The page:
Effects of concussion on the blood-brain barrier in humans and rodents.
Published Web Locationhttps://doi.org/10.1177/2059700216684518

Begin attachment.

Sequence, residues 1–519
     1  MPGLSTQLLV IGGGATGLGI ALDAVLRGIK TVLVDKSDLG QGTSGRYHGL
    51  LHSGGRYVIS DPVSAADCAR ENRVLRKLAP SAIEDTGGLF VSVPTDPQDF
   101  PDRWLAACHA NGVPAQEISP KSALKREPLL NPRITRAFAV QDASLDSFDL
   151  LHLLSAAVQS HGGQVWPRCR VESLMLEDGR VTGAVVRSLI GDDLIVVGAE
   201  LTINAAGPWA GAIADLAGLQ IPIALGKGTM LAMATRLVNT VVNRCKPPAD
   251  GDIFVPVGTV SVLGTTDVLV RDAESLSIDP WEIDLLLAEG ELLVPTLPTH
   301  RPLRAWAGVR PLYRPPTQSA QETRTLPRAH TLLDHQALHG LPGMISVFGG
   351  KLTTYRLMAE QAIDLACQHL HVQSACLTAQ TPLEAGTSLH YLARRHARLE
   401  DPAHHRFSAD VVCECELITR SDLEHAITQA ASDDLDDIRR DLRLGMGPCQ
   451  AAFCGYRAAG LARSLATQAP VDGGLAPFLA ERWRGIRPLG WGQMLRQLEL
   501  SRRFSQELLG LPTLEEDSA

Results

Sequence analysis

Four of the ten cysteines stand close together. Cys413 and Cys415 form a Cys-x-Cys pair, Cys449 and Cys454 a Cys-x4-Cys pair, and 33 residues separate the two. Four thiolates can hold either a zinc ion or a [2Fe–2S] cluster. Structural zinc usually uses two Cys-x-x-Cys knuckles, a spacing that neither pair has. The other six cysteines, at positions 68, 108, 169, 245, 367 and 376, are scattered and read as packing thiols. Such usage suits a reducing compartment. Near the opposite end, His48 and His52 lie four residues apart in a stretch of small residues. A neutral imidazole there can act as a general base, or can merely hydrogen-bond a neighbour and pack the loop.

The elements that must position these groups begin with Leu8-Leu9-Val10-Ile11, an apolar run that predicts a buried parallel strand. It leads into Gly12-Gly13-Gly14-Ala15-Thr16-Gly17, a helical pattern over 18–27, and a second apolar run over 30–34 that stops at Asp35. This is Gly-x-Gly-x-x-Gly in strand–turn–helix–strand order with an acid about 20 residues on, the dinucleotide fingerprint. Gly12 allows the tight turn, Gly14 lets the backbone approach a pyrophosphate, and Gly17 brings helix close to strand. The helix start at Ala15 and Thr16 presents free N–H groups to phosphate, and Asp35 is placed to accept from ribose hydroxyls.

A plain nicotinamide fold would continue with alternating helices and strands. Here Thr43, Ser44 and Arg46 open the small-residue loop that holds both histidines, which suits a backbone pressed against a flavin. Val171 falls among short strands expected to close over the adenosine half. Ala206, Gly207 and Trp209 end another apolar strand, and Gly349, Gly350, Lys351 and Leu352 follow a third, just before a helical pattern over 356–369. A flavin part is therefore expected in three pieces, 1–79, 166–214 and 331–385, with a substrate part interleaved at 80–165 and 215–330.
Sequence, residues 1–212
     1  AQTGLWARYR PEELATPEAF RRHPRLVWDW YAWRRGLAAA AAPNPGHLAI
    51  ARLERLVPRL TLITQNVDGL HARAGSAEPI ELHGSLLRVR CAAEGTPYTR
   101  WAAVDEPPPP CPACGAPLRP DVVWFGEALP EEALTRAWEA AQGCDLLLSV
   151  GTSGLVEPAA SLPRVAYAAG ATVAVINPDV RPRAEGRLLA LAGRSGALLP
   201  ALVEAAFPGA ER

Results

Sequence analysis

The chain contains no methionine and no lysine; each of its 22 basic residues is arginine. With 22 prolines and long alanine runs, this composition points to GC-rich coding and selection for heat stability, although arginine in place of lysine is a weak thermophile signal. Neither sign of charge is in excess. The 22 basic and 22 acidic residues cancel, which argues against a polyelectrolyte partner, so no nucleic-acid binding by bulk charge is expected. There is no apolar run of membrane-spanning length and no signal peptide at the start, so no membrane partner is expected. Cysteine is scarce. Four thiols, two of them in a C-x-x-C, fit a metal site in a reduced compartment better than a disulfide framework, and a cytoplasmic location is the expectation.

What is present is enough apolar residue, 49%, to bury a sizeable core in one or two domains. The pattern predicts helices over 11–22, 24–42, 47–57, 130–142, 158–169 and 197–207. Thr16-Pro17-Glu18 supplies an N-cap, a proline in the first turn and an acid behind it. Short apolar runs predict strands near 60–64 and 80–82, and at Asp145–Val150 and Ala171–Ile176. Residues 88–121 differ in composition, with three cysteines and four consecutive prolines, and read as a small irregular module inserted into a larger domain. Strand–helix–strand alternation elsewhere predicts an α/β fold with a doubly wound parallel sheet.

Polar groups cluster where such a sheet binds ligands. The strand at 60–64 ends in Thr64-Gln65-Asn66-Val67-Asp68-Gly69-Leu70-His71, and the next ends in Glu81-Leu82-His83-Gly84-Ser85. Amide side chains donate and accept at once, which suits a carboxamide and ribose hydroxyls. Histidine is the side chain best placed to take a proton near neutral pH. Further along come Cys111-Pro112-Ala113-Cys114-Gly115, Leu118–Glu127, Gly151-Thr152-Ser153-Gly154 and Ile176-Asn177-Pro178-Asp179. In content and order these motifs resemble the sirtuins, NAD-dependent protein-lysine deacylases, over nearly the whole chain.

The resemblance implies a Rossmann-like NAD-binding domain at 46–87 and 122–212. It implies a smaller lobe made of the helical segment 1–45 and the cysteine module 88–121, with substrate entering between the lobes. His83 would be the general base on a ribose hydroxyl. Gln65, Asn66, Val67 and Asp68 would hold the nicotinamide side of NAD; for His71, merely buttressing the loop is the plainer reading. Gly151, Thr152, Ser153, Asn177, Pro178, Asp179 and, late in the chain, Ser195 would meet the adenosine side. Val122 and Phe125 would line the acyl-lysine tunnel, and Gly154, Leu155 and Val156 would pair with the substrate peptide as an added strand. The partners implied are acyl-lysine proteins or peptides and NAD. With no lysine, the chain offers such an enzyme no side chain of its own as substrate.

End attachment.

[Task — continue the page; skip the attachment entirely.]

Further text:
Traumatic brain injury and the long-term consequences of repeated concussions constitute mounting concerns in the United States, with 5.3 million individuals living with a traumatic brain injury-related disability. Attempts to understand mechanisms and possible therapeutic approaches to alleviate the consequences of repeat mild concussions or traumatic brain injury on cerebral vasculature depend on several aspects of the trauma, including: (1) the physical characteristics of trauma or insult that result in damage; (2) the time "window" after trauma in which neuropathological features develop; (3) methods to detect possible breakdown of the blood-brain barrier; and (4) understanding different consequences of a single concussion as compared with multiple concussions. We review the literature to summarize the current understanding of blood-brain barrier and endothelial cell changes post-neurotrauma in concussions and mild traumatic brain injury. Attention is focused on concussion and traumatic brain injury in humans, with a goal of pointing out the gaps in our knowledge and how studies of rodent model systems of concussion may help in filling these gaps. Specifically, we focus on disruptions that concussion causes to the blood-brain barrier and its multifaceted consequences. Importantly, the magnitude of post-concussion blood-brain barrier dysfunction may influence the time course and extent of neuronal recovery; hence, we include in this review comparisons of more severe traumatic brain injury to concussion where appropriate. Finally, we address the important, and still unresolved, issue of how best to detect possible breakdown in the blood-brain barrier following neurotrauma by exploring intravascular tracer injection in animal models to examine leakage into the brain parenchyma.